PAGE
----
© Hieronymusukkel hapag lloyd
© Hieronymusukkel

Standard & Poor’s (S&P) have upgraded their credit ratings for ocean carriers Hapag-Lloyd and CMA CGM ahead of expected bumper third-quarter earnings for the container line sector.

Hapag-Lloyd’s rating is up by one notch, from ‘B+’ to ‘BB-’, with a ‘positive’ outlook, the highest rating assigned to the carrier since 2010.

S&P said it expected Hapag-Lloyd to continue its solid performance, with a strengthened cash flow and reduced debt, resulting in “stronger-than-expected credit metrics”.

Hapag-Lloyd chief financial officer Mark Frese said: “We are very pleased that our earnings performance and our consistent cost management as well as our deleveraging efforts are positively recognised with this S&P rating action.”

Hapag-Lloyd delivered a net profit of $287m in the second quarter. According to Alphaliner analysis, it achieved the second-highest operating margin of the top ten carriers, at 11.7%, after Evergreen’s 12% ebitda margin.

Meanwhile, the ratings agency has revised its ‘B+’ outlook for CMA CGM from ‘negative’ to ‘positive’.

“We expect CMA CGM to report a significantly higher ebitda in 2020, due to a less-severe decline in global trade volumes than previously forecast, stringent capacity deployment by container lines, lower-than-expected bunker fuel prices and CMA CGM’s effective measures to steadily reduce costs,” said S&P.

It added that the ‘positive’ outlook rating reflected a “one-in-three likelihood that we would upgrade CMA CGM over the next 12 months”, but warned it would “need to be convinced that the management’s financial policy does not allow for significant increases in leverage”.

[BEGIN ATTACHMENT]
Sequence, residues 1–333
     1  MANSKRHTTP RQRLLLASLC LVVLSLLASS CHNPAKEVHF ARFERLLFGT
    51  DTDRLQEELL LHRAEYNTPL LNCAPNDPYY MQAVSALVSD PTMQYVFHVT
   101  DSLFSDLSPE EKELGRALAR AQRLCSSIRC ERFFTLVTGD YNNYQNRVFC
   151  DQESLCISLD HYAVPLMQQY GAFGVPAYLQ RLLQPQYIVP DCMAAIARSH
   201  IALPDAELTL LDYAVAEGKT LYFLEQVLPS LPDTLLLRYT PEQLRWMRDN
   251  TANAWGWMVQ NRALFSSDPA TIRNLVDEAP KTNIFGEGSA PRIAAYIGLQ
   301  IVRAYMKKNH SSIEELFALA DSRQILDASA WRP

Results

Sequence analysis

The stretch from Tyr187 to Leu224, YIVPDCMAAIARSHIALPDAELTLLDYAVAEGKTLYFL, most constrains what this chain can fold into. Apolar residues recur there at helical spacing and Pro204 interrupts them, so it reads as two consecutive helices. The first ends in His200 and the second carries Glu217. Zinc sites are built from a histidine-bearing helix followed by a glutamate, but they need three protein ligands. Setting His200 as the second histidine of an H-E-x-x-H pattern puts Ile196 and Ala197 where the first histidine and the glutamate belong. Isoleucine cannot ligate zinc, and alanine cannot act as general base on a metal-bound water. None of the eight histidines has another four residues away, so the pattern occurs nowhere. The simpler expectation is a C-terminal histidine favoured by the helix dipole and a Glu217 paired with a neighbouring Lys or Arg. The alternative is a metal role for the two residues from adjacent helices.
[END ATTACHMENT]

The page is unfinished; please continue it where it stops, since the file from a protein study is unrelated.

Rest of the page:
“This means that the company will not embark on any unexpected debt-financed fleet expansion or mergers and acquisitions,” said S&P.

CMA CGM recorded a second-quarter net profit of $136m and an operating margin of 9.3%, the fourth-highest of its liner peers.

But despite the spectacular reversal of container line fortunes during the pandemic, investment bankers remain cautious about its sustainability. For example, Nordea’s recent updated analysis for Maersk questioned whether the industry’s focus on profitability would be maintained “when carriers are no longer staring into the abyss”.

It added: “Simultaneously, their customers’ willingness to pay may decrease when there is less turbulence in supply chains.”

Nordea said it “needed more evidence that the industry had changed for the better”, with its guidance for Maersk remaining as ‘hold’.

“Since the industry’s track record is not very good at all, we think the risk/reward is so-so,” said the report.

Elsewhere, Jefferies was more positive on its sustainability outlook, upgrading Maersk to ‘buy’.

“The stars are aligning for container shipping; historic consolidation, rational capacity management and now a fast bounce-back in demand post-lockdown,” said the upbeat analysis. “Rates are pushing to record highs, driving margins and returns higher. We think Q4 – normally seasonally weaker – will see more strong results.”

Maersk recorded a market-highest net profit of $443m for the second quarter, but lagged behind six of its competitors with its operating margin of 8.3%.

Nevertheless, analysts expect the Danish transport and logistics group to upgrade its 2020 ebitda estimate from the current $6-7bn on or before the publication of its third-quarter results on 18 November.

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